23 February 2024 The Future is the Product of the Past

Archaeologists Unearth Roman Archive of Ancient City of Doliche

Archaeologists from the Asia Minor Research Center at the University of Münster have uncovered the municipal archive in the ancient city of Doliche in southeastern Türkiye and recovered more than 2,000 seal impressions used to seal documents.

Doliche was a major city of Roman and Byzantine North Syria, located in Turkey (near Gaziantep, Southeast Anatolia), approximately 50 km north of the Turkish-Syrian Border.

Doliche is a significant religious center associated with three different beliefs: Teşup in the Hittite Imperial Period, Mithraism, and Jupiter Dolikhenos in the Hellenistic and Roman periods. The city’s remains reflect its history as an ancient Roman city that was established as a sacred site for Jupiter Dolikhenos.

The team, led by Prof. Dr. Michael Blömer and Prof. Dr. Engelbert Winter from the University of Münster, has made a significant find. While each city had archives for storing contracts, until now, only a few Roman Empire archive buildings had been identified. Well-preserved seal impressions and their motifs also provide insights into ancient administrative practices.

The seal impressions are made of stamped clay pieces ranging in size from approximately five millimeters to two centimeters. They were used to seal papyrus and parchment documents.

View of the excavations in the uncovered former municipal archive of Doliche. Photo: Asia Minor Research Center, Universität Münster
View of the excavations in the uncovered former municipal archive of Doliche. Photo: Asia Minor Research Center, Universität Münster

The images on the city’s official seals have a direct connection to it. They usually depict their most important gods, such as Jupiter Dolichenus, the city’s main deity, explains Michael Blömer.

The gods on the seals offer a glimpse into the religious environment of the people. Mythical figures or rare private portraits indicate a strong Greco-Roman influence, explains the Blömer.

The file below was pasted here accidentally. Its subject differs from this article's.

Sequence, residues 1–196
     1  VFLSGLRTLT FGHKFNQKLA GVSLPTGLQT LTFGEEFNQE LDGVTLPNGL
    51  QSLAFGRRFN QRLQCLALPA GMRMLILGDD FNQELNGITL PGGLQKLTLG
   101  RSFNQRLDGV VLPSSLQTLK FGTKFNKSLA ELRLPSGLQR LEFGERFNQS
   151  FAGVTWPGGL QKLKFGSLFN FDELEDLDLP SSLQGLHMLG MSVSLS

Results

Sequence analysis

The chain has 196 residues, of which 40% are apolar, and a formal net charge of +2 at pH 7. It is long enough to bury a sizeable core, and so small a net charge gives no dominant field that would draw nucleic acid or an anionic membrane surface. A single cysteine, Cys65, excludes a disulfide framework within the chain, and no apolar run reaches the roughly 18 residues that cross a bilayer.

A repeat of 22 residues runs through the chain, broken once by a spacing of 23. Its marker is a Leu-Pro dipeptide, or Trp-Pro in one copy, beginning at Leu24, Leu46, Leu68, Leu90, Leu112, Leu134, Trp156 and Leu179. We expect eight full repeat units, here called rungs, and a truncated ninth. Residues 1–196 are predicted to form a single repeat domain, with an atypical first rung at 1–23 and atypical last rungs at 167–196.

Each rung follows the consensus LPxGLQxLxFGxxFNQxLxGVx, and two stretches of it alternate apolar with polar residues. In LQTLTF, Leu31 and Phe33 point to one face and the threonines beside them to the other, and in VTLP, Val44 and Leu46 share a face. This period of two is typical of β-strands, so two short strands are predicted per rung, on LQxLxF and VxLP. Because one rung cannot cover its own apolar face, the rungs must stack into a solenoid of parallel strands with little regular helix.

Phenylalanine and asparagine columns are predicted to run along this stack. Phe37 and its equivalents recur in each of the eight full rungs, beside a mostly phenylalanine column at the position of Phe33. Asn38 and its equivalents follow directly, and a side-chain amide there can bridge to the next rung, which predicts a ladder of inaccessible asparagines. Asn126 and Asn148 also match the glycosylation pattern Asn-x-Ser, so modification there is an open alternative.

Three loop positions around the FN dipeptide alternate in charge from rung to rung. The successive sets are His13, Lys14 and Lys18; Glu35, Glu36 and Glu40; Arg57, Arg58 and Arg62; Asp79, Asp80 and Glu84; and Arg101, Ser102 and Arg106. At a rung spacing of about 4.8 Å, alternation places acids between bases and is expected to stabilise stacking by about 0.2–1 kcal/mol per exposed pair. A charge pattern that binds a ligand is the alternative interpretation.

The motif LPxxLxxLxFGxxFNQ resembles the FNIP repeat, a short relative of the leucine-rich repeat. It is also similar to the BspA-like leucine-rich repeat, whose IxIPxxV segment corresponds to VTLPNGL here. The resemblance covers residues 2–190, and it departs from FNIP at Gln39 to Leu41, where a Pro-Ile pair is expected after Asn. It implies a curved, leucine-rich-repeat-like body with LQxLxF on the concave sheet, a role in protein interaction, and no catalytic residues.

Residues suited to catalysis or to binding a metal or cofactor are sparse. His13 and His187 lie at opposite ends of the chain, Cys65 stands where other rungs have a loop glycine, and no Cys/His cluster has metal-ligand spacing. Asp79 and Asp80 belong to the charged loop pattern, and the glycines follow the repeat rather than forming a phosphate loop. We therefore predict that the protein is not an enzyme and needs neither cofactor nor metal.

Only the lower layers of the foundations remain of the archive building, which is made of solid limestone blocks, adds Engelbert Winter. “However, they reveal a sequence of rooms that come together to form an elongated building complex,” he describes.

However, the exact size cannot yet be measured. So far, the building has been proven to be eight meters wide and 25 meters long. The width of the walls also shows that it was multi-story.

Two impressions of official stamps of the city of Doliche. Photo: Asia Minor Research Center, Universität Münster
Two impressions of official stamps of the city of Doliche. Photo: Asia Minor Research Center, Universität Münster

The archive’s documents were destroyed in a massive fire. As a result of a war between the Roman Empire and Persia, the Persian Great King Shapur I destroyed numerous cities in the Roman province of Syria, including Doliche, in 253 A.D.

After the fire, the city center, which included a bath complex and a monumental temple, was not rebuilt. This is a boon for archaeology because it means that the state of the era has been preserved until 253 A.D., according to the researchers.

University of Münster

Cover Photo: Seal impressions from the Doliche archive. Photo: Asia Minor Research Center, Universität Münster

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